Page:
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'American Crime Story: The Assassination of Gianni Versace' covered Andrew Cunanan's crime well, but the truth about Cunanan is not what it seems.

Andrew Cunanan and the murderous rampage that inspired Ryan Murphy

He may have won an Emmy, Golden Globe, and plenty of attention for the role, but Darren Criss is nothing like Andrew Cunanan. Gianni Versace’s killer was a dark and twisted man, far from who the award-winning Broadway star is as a person.

Versace’s death has come back into the public eye in recent years thanks to the second season of American Crime Story focusing on the events leading up to his death. But just like any show based on a true story, not everything is what it seems. There’s a lot the show doesn’t share, or dramatizes about Cunanan and his murderous deeds. 

'American Crime Story: The Assassination of Gianni Versace' covered Andrew Cunanan's crime well, but the truth about Cunanan is not what it seems.

“Least likely to be forgotten”

On the outside, Cunanan seemed like a normal person. Unlike most serial killers, he actually had a decent childhood, excelled in school, and was popular. When he was first discovering his sexuality, he got himself some sugar daddies by sleeping with wealthy older men. 

He had a high IQ, and was voted “Least likely to be forgotten” by his high school class. Cunanan moved on to UC San Diego after graduation, studying American history. But then, his father left the family, running away to the Philippines to evade arrest for embezzlement charges. 

Not long after, his mother finally discovered Cunanan was gay, and as a religious woman, was not happy in the slightest. During an argument, Cunanan shoved her against a wall and dislocated her shoulder, feeling no remorse for his actions. He also had a habit for lying, being known for extravagant lies about his family life.

'American Crime Story: The Assassination of Gianni Versace' covered Andrew Cunanan's crime well, but the truth about Cunanan is not what it seems.

Moving on to San Fran

After the incident with his mother, Cunanan left National City and moved to San Francisco with a friend. He continued to rely on sugar daddies, which also becoming a drug dealer and dabbling in creating hardcore, violent pornography. 

But life stopped working out for Cunanan. He broke off relationships with several of the older rich men, leaving him to rack up serious credit card debt. He resumed drug dealing, using most of the drugs he was selling, and became an alcoholic. His friend, close and far, were starting to be concerned, including David Madson and Jeff Trail, two friends in Minneapolis. 

As things fell to the wayside, Trail and Cunanan had a falling out, and friends remember Cunanan saying he had to go to Minneapolis to “finish business” with Trail. Trail on the other hand, was concerned Cunanan’s visit would end in his death, knowing he made an enemy of him cutting him off.

'American Crime Story: The Assassination of Gianni Versace' covered Andrew Cunanan's crime well, but the truth about Cunanan is not what it seems.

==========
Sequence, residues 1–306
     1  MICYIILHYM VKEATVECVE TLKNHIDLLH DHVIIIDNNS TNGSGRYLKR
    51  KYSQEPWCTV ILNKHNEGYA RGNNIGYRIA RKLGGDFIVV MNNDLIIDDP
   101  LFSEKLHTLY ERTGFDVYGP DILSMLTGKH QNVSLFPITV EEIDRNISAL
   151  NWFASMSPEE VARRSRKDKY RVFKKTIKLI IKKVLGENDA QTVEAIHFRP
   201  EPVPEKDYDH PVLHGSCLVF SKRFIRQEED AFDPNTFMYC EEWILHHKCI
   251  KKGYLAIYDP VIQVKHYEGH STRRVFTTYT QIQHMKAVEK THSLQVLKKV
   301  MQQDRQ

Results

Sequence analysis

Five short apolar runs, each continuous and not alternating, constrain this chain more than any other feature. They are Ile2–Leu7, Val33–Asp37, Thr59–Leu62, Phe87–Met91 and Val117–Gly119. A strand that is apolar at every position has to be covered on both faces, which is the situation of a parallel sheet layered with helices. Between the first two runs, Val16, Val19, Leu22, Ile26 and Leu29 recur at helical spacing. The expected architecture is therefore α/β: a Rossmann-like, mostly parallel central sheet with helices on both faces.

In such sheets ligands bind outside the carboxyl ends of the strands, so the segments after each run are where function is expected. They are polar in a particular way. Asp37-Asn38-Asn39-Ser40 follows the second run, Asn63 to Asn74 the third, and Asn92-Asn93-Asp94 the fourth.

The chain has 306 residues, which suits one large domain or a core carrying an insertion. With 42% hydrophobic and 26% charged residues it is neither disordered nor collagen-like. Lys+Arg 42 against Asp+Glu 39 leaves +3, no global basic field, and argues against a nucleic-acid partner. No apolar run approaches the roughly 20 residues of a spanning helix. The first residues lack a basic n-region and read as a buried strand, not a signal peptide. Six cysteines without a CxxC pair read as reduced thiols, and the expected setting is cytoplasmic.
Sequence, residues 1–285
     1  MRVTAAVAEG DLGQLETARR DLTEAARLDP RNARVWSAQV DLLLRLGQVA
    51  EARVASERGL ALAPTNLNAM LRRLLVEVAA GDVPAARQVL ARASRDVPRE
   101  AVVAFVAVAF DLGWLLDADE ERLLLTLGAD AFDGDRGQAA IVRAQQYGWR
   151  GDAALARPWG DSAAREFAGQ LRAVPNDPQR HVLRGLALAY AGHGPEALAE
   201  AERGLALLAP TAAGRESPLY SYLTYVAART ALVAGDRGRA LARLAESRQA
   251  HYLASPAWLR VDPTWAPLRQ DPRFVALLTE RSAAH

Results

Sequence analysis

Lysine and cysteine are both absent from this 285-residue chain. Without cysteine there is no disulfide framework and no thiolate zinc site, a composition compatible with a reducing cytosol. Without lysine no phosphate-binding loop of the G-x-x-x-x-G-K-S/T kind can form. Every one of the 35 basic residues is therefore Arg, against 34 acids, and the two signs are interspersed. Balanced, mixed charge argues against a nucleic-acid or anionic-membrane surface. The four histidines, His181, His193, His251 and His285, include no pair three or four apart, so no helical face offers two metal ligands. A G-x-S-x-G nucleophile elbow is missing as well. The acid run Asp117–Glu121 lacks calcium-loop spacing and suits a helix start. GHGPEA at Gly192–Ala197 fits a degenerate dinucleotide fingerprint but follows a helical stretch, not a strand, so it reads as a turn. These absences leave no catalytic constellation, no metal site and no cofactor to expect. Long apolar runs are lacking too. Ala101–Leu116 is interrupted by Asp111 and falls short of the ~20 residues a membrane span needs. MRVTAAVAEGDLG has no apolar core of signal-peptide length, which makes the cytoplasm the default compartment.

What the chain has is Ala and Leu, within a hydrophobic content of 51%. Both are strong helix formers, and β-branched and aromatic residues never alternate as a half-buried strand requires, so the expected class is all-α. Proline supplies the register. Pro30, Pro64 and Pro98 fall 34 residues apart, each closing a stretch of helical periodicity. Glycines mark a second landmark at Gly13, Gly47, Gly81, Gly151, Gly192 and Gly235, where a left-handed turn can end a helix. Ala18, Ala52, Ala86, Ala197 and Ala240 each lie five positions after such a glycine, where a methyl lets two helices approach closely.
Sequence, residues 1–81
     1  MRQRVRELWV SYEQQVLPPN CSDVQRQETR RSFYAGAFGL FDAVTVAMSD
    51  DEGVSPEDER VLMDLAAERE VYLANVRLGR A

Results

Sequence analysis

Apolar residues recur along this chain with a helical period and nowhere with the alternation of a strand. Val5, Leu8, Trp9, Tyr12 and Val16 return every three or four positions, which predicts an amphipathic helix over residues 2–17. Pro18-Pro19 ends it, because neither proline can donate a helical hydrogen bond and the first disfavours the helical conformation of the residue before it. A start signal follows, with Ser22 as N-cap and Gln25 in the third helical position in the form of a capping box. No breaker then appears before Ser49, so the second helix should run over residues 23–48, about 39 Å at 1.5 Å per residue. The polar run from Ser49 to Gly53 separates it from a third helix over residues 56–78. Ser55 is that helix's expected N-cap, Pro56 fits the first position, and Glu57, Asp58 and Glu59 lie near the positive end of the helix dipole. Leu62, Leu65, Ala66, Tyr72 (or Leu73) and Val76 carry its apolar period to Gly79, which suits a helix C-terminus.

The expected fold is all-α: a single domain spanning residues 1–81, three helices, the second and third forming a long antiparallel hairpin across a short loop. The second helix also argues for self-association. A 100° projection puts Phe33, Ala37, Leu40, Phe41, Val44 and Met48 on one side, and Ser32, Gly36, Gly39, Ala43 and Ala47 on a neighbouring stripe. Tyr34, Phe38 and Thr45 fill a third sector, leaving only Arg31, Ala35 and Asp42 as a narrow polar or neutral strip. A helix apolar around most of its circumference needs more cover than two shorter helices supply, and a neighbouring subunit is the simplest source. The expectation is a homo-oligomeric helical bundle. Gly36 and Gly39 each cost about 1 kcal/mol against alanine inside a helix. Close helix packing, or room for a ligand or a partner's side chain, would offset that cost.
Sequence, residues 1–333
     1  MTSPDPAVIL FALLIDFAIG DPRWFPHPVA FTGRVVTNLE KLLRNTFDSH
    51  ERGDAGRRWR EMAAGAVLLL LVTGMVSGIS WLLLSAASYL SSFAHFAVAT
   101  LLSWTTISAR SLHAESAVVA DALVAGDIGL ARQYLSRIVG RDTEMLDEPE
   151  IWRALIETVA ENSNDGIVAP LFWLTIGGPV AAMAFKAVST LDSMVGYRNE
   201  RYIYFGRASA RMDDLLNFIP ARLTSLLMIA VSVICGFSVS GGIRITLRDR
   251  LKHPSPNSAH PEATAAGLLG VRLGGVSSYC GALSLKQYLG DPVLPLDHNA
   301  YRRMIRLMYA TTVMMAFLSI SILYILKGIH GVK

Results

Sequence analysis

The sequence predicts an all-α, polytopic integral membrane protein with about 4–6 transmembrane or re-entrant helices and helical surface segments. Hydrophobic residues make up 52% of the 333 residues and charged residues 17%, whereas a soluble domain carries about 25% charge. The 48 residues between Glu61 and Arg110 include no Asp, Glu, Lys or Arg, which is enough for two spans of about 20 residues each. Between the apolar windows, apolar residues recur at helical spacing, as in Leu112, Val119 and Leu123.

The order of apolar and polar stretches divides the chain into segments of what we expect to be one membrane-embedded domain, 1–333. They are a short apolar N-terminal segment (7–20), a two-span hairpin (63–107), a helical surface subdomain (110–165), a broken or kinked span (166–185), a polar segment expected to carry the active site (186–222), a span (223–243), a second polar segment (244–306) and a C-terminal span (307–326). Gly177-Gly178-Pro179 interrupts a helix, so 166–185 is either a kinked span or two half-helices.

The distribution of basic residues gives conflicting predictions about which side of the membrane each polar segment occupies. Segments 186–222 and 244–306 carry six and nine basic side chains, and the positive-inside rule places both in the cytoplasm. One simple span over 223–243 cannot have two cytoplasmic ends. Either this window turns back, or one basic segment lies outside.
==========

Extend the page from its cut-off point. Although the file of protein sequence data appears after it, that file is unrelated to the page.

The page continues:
A turn to murder

Cunanan’s murder spree began on April 27th, 1997, when he killed Trail in Madson’s apartment after an argument. He wrapped Trail in a rug and hid him behind a couch. Madson was present when the incident occurred, and was being help hostage by Cunanan for days after.

But eventually police found Madson’s body with a gunshot to the head along the shore of Rush Lake in Rush City, MN. But Cunanan was long gone from the city by the time police found Madson. 

'American Crime Story: The Assassination of Gianni Versace' covered Andrew Cunanan's crime well, but the truth about Cunanan is not what it seems.

Killing strangers

Granted, police to this day feel that the murder of Lee Miglin had some kind of motive to it, but no connection was found between Cunanan and the man. Miglin was Cunanan’s next murder, as he drove from Minnesota to Chicago. Tying Miglin up by his hands and feet, he was stabbed with a screwdriver and had his throat slit by a hacksaw.

Stealing the dead man’s car, Cunanan drove to Jersey next, which police tracked as Miglin’s car had a car phone. Desperate for a car to drive to Florida, Cunanan shot and killed William Reese in the head, taking his truck to Miami. Cunanan stayed in Miami for over two months while being on the FBI’s top 10 fugitives list without any notice. 

'American Crime Story: The Assassination of Gianni Versace' covered Andrew Cunanan's crime well, but the truth about Cunanan is not what it seems.

The murder of Versace

After laying low for 2 months, Cunanan took the life of his most famous victim: Gianni Versace. Shooting the legendary fashion designer outside his Miami mansion on July 15th, he killed him with the same gun that took Reese and Madson’s lives. 

Later in July, Cunanan would take his own life with that gun, being found dead in a houseboat on July 23rd, 1997. Cunanan had run out of money and was living in the car by then, so even if he could somehow survive capture, he would have no place to go. Cunanan worked himself into a hole he couldn’t get out of with debt, and knew his only option was murder. 

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